POP prevents pregnancy by thickening the mucus in the cervix to stop sperm reaching an egg.
The desogestrel progestogen-only pill can also stop ovulation.
Progestogen-only pills contain the hormone progestogen, but don’t contain oestrogen.
You need to take the progestogen-only pill reliably every day and if taken correctly, it’s more than 99% effective.
You take a pill every day, with no break between packs of pills.
The progestogen-only pill can be used by women who can’t use contraception that contains oestrogen.
You can take the progestogen-only pill if you’re over 35 and you smoke.
You must take the progestogen-only pill at the same time each day. If you take it more than 3 hours late (traditional progestogen-only pill) – or 12 hours late (desogestrel pill) – it may not be effective.
If you’re sick (vomit) or have severe diarrhoea, the progestogen-only pill may not work.
Some medicines may affect the progestogen-only pill’s effectiveness – ask your doctor for details.
Your periods may stop or become lighter, irregular or more frequent.
Side effects may include spotty skin and breast tenderness – these should clear up within a few months.
You’ll need to use condoms as well as the progestogen-only pill to be protected against sexually transmitted infections (STIs).
How to take the progestogen-only pill
There are 2 different types of progestogen-only pill:
3-hour progestogen-only pill – must be taken within 3 hours of the same time each day
12-hour progestogen-only pill (desogestrel progestogen-only pill) – must be taken within 12 hours of the same time each day.
You can start the progestogen-only pill at any time in your menstrual cycle.
If you start it on day 1 to 5 of your menstrual cycle (the first 5 days of your period), it’ll work straight away and you’ll be protected against pregnancy. You won’t need additional contraception.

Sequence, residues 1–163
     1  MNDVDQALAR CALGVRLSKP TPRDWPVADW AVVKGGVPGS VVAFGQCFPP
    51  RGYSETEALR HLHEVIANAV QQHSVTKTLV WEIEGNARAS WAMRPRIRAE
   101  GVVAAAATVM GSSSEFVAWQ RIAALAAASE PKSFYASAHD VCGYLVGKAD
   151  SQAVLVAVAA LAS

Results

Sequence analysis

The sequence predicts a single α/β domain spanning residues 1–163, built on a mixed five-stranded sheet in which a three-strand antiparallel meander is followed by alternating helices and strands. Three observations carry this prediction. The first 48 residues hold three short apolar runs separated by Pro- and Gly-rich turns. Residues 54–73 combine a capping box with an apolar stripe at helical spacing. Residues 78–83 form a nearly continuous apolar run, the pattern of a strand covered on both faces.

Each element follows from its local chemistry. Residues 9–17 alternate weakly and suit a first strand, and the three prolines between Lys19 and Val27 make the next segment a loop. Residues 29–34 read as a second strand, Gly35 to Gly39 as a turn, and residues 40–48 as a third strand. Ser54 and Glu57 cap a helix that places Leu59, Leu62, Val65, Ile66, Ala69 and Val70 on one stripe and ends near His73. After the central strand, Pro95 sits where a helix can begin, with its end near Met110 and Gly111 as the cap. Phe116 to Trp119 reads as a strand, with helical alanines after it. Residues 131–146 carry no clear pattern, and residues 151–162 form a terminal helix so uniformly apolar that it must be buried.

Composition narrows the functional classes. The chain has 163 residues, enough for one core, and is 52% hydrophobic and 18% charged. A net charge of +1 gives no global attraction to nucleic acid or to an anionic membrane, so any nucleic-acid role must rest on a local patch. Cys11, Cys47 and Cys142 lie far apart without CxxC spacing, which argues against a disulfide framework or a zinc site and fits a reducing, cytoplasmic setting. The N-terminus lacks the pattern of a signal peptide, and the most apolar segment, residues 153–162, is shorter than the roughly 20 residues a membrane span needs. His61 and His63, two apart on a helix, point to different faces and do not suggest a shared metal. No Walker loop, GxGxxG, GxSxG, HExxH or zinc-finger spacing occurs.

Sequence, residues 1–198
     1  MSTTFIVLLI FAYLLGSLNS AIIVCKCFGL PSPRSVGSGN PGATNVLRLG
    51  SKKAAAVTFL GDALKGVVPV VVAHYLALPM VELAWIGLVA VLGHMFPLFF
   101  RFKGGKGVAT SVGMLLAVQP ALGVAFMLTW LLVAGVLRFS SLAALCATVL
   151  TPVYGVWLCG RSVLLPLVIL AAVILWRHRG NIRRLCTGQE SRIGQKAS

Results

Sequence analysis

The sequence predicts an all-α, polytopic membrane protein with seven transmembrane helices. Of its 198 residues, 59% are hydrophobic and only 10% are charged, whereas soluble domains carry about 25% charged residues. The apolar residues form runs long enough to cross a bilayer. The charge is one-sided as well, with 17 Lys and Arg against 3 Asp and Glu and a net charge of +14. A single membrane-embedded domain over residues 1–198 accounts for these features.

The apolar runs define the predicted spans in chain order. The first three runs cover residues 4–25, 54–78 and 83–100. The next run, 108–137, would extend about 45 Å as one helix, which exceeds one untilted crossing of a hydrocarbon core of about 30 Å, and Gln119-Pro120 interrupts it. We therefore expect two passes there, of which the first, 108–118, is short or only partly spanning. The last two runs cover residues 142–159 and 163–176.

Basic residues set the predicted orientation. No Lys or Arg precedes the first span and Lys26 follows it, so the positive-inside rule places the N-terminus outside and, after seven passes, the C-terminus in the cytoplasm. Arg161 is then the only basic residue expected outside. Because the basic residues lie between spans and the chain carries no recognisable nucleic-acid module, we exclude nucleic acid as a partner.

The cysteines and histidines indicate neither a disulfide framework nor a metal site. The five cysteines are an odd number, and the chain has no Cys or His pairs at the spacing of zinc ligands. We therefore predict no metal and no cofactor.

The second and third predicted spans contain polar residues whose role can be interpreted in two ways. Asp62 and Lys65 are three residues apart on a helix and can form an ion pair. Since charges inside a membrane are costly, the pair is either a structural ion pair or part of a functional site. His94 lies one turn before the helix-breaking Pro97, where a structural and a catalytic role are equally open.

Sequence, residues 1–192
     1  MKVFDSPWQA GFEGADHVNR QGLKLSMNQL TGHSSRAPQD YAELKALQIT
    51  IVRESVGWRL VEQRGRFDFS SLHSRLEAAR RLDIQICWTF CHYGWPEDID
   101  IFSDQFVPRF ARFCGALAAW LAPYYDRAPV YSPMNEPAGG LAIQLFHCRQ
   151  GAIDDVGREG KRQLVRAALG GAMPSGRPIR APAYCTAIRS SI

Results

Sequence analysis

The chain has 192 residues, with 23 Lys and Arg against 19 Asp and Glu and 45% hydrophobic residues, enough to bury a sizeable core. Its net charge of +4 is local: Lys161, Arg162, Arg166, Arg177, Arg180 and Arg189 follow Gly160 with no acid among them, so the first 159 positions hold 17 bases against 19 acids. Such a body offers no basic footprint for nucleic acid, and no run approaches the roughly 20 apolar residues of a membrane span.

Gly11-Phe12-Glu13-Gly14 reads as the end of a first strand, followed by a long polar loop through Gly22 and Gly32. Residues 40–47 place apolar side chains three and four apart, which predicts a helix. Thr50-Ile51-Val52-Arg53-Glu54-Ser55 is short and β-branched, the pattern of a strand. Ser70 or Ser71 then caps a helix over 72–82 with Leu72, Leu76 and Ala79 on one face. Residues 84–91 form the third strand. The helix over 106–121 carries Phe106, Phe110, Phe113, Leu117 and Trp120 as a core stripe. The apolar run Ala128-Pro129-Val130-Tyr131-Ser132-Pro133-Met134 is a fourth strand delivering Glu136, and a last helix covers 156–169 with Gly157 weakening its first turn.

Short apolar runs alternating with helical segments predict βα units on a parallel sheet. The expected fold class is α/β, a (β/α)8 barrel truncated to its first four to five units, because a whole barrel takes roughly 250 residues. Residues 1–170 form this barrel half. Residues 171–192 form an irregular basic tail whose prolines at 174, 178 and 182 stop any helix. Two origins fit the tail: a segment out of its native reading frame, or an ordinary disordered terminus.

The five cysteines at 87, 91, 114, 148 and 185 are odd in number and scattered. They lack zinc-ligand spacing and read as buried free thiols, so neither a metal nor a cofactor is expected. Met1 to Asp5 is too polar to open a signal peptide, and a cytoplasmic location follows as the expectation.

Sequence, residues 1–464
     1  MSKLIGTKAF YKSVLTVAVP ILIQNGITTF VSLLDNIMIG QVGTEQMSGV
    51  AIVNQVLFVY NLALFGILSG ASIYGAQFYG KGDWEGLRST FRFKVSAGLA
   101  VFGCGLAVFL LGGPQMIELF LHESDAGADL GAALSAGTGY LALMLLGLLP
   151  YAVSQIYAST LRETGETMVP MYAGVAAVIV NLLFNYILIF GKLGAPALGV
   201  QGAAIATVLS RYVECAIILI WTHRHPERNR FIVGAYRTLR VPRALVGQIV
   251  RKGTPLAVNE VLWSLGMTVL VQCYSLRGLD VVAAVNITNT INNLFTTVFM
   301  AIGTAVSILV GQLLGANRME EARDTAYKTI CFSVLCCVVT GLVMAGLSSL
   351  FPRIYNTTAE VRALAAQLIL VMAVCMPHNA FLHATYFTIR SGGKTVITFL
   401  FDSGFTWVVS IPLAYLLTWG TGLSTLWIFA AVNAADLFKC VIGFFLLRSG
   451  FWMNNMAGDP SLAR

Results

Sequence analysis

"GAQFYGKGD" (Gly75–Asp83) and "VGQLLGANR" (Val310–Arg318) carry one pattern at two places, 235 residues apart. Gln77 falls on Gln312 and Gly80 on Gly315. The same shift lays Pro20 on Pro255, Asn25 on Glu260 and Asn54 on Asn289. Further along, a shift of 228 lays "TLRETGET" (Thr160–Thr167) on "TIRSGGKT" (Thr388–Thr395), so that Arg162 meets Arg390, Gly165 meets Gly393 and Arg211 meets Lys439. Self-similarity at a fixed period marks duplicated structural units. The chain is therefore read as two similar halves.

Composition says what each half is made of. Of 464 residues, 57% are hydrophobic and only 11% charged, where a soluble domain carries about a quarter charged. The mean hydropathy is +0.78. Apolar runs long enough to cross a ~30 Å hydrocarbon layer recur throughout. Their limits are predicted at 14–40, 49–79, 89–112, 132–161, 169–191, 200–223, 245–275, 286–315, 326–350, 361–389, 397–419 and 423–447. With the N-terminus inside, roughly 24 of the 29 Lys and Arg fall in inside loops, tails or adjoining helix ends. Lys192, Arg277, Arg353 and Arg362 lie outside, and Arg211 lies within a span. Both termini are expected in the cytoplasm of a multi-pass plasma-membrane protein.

If you have a short menstrual cycle, you’ll need additional contraception, such as condoms, until you’ve taken the pill for 2 days.
If you start the progestogen-only pill on any other day of your cycle, you won’t be protected from pregnancy straight away and will need additional contraception until you’ve taken the pill for 2 days.
After having a baby
If you’ve just had a baby, you can start the progestogen-only pill on day 21 after the birth. You’ll be protected against pregnancy straight away.
What to do if you miss a pill
If you forget to take a progestogen-only pill, what you should do depends on:
If you’re less than 3 or less than 12 hours late taking the pill (depending on the pill you take).
take the late pill as soon as you remember, and
take the remaining pills as normal, even if that means taking 2 pills on the same day.
The progestogen-only pill is very safe to take. But, as with the combined contraceptive pill, there are certain risks.
For most women, benefits of the progestogen-only pill outweigh the risks.
Some women can develop fluid-filled cysts on their ovaries. These aren’t dangerous and don’t usually need to be removed.
The cysts usually disappear without treatment. In many cases, the cysts don’t cause symptoms, although some women experience pelvic pain.
Research is continuing into the link between breast cancer and the progestogen-only pill.
There isn’t enough evidence to say for certain that the progestogen-only pill doesn’t increase the risk of breast cancer.
But if there is any increased risk, it’s likely to be very small and disappear with time after you stop taking the progestogen-only pill.
Doctors don’t think using the progestogen-only pill is likely to increase the risk in women who have close relatives who have had breast cancer.
What is Desogestrel?
Desogestrel is a contraceptive pill used to prevent pregnancy, called the mini-pill or progestogen-only pill.
It only contains desogestrel the synthetic version of progestogen.
As it does not contain oestrogen and is suitable for women who are sensitive to oestrogen or for those that smoke or are over 35 years old.
Desogestrel is 99% effective with additional benefits, including easing of the cramping due to menstruation, reduction of the heavy menstrual flow and regulation of the menstrual cycle.